BLOOMINGTON — Jim Plath's connection to Pulitzer-prize winning American writer John Updike is more than academic.
“He helped me propose to my wife,” said Plath, an English professor at Illinois Wesleyan University and president of the John Updike Society.
Updike wrote a note to Plath's bride-to-be in a copy of “Marry Me,” one of his 27 novels.
From an interest triggered in graduate school to a doctoral dissertation and later as editor of a book, “Conversations with John Updike,” Plath now finds himself overseeing the renovation of Updike's childhood home in Shillington, Pa.
“Owning a home on Clinton Boulevard … doing a lot of restoration myself, has been pretty good training,” Plath said.
"We're still in the deconstruction phase" of the Updike house, said the home's curator, Maria Mogford, describing efforts to return it to the 1932-45 period when Updike lived there.
Updike won the Pulitzer Prize for Fiction in 1982 and 1991 for “Rabbit is Rich” and “Rabbit at Rest,” part of a series on the character Harry “Rabbit” Angstrom that also included “Rabbit, Run” and “Rabbit Redux.”
“The 'Rabbit' books are closest to being the great American novel,” Plath said.
Plath first contacted Updike in 1986 while working on his dissertation and corresponded with him regularly. Updike visited IWU for the dedication of Ames Library in 2002.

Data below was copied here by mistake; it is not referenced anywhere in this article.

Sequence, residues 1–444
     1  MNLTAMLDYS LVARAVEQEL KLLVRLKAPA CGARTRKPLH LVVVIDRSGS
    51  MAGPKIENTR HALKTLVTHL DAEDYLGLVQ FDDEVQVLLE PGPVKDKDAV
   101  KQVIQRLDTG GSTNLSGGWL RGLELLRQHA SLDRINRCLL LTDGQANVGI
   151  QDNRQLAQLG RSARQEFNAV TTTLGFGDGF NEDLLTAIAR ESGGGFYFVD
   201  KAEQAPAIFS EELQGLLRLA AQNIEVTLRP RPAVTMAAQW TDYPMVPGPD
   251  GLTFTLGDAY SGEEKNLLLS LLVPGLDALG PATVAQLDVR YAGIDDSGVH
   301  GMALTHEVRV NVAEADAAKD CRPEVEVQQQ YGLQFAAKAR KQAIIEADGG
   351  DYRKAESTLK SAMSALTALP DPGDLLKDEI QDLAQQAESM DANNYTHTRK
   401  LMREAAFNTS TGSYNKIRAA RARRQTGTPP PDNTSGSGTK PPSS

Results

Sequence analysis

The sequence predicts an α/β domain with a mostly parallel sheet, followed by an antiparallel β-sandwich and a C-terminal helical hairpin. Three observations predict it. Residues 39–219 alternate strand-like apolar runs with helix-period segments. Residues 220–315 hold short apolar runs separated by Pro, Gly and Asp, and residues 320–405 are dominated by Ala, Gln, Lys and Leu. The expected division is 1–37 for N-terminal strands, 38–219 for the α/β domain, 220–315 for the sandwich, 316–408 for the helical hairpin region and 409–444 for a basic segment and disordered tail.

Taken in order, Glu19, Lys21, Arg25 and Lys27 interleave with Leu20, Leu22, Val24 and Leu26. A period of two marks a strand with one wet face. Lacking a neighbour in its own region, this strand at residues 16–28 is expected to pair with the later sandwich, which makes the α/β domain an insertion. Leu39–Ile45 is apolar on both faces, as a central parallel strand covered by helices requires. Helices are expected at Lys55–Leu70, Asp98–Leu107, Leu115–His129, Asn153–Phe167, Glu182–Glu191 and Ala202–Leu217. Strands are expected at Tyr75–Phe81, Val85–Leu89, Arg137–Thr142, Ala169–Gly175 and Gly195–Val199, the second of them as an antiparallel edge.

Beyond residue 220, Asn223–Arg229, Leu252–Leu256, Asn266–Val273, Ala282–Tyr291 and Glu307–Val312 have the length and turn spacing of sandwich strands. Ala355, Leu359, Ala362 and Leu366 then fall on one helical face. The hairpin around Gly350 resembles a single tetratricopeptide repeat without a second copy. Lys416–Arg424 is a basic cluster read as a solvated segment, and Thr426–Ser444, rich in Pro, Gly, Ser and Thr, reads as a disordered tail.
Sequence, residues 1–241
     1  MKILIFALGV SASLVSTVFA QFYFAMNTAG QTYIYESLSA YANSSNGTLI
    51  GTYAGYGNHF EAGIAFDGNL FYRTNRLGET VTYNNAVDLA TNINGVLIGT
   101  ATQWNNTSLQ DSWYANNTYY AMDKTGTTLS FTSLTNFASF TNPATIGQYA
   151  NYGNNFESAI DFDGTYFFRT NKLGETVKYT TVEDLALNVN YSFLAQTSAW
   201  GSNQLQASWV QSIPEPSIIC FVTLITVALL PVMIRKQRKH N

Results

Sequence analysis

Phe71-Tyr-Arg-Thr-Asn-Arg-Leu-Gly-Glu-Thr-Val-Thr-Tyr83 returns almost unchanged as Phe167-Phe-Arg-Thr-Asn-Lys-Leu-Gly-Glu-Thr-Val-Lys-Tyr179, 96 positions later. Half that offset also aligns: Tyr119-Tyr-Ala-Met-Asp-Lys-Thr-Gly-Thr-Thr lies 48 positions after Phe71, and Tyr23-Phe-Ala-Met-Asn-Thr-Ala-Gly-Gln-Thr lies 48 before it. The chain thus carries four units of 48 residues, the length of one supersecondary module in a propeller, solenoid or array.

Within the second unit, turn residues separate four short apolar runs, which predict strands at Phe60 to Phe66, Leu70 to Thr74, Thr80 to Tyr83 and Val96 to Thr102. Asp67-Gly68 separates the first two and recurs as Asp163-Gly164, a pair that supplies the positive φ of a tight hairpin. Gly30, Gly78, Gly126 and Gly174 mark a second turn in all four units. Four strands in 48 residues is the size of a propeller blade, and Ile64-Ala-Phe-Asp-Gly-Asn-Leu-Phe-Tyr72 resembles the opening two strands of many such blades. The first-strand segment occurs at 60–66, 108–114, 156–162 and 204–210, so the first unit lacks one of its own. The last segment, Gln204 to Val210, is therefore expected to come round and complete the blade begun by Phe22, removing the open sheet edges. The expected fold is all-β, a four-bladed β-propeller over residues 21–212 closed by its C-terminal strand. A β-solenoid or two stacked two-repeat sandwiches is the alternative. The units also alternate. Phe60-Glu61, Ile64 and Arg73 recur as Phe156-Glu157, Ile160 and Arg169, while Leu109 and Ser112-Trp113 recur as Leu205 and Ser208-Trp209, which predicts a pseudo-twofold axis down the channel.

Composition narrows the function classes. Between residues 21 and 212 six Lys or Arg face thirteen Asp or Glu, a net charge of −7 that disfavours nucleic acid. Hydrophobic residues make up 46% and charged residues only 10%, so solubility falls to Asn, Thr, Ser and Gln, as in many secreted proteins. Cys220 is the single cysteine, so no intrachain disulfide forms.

From time to time, Plath asked Updike about founding an Updike Society. “He vehemently opposed it,” Plath said, until one day Updike added, “not in my lifetime.”
Updike died Jan. 27, 2009, and the John Updike Society was formed four months later.
Updike's childhood home “kind of fell into our laps,” Plath said. The owner decided to sell and contacted the society, which was able to buy it with a donation from the Robert and Adele Schiff Family Foundation.
Updike lived in the home from birth to age 13. “He said that's where his artistic eggs were hatched,” Plath said.
Many of his short stories and essays include references to and descriptions of his childhood home and the surrounding area.
Among those was an autobiographical essay, “The Dogwood Tree: A Boyhood.” The tree planted on Updike's first birthday is still blossoming long after most trees of that type have died, Mogford said.
Wood from dead limbs removed from the tree was given to local artists to make items to sell in the planned gift shop, according to Mogford.
Plath said the society hopes to turn the house into a literary center.
“When you go into a home … you get a special feeling, you feel a connection to the person,” Plath said.